Eng. Zammit said that on the contrary, technological progress had brought new products on the market. Malta risked losing out of the upcoming 4G technology unless its communications infrastructure was brought up to par.
Mr Vella was not persuaded: this land is privately owned, he said: this is all speculation. It will ruin this pristine site.
Astrid Vella first claimed that the Outline permit was challenged by the subsequent scheduling of the Victoria Lines. It was explained to her the scheduling took place before the Outline permit of September 2006.
Ms Vella then claimed this application infringed no fewer than 13 Mepa policies. Can this application be amended?
She then claimed that the Mepa board had thrown out two applications based on an Outline permit – one for a Maghtab application and one for a building project at Hamrun.
But Dr Mintoff, who was also the architect of the Hamrun application (the former 7-Up area) rose angrily to deny this claim: the Hamrun application was rejected at full application stage because the Outline permit did not specify the amount of residences in the application.
Eng. Zammit said the mast could not be lower than 30 metres: actually this was the lowest height possible.
Dr Sammut warned the board they could be held legally responsible if an acquired right, by way of an Outline permit, was not approved. That was why the Outline permit procedure had been repealed at law.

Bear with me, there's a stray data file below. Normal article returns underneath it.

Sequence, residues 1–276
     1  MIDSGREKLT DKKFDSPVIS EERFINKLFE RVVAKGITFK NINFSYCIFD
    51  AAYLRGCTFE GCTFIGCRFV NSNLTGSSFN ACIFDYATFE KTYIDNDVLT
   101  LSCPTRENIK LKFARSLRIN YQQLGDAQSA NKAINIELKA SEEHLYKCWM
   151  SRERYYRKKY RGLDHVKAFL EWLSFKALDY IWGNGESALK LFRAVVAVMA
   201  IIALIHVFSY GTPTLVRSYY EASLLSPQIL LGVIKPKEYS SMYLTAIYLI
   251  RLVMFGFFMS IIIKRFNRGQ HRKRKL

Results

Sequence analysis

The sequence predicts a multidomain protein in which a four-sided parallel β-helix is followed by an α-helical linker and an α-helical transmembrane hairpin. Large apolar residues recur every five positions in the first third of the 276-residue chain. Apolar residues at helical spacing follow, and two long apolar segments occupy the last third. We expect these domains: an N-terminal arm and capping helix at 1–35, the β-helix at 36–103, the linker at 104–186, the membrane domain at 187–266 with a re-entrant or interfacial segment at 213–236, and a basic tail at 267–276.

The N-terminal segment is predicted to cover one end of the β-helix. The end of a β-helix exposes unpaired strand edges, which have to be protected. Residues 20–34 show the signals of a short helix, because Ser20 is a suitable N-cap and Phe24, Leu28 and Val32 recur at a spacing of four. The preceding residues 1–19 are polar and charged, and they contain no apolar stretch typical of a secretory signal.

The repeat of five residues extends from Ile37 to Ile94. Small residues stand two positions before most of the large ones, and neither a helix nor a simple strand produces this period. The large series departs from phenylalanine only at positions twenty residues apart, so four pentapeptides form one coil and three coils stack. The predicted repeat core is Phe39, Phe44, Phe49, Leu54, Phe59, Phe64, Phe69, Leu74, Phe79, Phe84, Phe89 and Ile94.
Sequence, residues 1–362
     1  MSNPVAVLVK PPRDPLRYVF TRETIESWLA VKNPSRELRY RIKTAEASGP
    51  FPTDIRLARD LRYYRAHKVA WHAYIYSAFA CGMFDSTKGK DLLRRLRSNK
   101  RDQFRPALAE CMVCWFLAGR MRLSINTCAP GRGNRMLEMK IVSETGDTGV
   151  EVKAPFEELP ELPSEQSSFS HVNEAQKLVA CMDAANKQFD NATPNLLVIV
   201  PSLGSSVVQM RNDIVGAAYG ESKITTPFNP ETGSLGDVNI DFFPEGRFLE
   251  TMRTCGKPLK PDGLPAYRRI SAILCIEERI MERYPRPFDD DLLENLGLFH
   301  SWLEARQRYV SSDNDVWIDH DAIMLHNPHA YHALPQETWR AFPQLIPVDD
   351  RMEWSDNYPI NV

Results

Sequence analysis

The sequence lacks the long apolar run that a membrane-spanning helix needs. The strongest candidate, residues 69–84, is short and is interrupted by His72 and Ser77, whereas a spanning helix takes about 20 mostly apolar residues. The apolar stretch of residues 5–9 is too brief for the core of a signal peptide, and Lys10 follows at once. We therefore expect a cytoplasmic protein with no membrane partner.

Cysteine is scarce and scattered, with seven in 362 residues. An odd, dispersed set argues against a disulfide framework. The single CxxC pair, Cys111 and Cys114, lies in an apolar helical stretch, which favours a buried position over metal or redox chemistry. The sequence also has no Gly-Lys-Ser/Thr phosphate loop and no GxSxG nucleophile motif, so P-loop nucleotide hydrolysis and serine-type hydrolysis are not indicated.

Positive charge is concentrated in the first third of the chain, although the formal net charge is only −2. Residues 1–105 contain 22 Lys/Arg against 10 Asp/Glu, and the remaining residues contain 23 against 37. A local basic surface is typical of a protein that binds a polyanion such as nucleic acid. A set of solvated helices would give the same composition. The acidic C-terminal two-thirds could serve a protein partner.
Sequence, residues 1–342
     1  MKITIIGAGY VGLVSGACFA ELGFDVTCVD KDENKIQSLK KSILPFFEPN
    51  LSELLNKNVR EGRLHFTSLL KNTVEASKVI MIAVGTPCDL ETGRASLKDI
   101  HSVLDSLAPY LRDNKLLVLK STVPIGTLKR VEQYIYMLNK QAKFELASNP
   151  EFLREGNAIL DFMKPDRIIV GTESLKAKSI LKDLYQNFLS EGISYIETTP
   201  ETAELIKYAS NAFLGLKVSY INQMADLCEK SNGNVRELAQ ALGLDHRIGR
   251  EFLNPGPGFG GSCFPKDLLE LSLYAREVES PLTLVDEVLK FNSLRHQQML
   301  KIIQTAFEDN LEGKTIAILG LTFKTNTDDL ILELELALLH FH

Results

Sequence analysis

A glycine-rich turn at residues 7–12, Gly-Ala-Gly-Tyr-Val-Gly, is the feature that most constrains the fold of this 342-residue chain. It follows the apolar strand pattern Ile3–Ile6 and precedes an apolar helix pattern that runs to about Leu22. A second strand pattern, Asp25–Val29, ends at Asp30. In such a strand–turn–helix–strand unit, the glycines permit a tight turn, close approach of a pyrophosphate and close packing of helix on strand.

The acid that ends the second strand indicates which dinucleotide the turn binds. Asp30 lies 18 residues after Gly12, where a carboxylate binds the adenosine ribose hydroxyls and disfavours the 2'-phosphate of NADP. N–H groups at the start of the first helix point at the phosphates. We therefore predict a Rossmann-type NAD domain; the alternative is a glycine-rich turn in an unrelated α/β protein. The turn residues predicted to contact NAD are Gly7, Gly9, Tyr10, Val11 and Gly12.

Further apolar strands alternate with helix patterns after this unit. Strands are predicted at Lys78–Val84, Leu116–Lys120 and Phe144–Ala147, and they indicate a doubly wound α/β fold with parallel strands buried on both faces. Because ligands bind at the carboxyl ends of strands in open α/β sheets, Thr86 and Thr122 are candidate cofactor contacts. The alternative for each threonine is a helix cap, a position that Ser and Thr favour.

After the board had voted, and approved the application, Mr Vella suggested that the permit be reviewed every two years for a maximum of eight years but when the board voted on this proposal only Mr Vella was in favour and the rest were against.
Astrid Vella then wanted to find out which board members had voted in favour but Mr Montesin erupted: she had been present for the vote and members had voted by show of hands. What else did she want?
When the other two applications were about to be discussed, Mr Musumeci said there was little point in doing so but the board still went through the motions and voted them out unanimously.
The board finally approved an application for an extension of the Nectar Group warehouse next door to the US Embassy at Ta’ Qali.
Architect George Tonna explained to the board the plant is rigorous in its observance of ISO and other regulations and employs 114 employees. It has also won a number of awards and has set up a Nectar Academy to train its employees.
Nectar grew out of the Attard Brothers’ concern and its present facility uses part of the big Attard Bros complex. The present application extends the warehouse by using yet another part of the complex, the precast hall.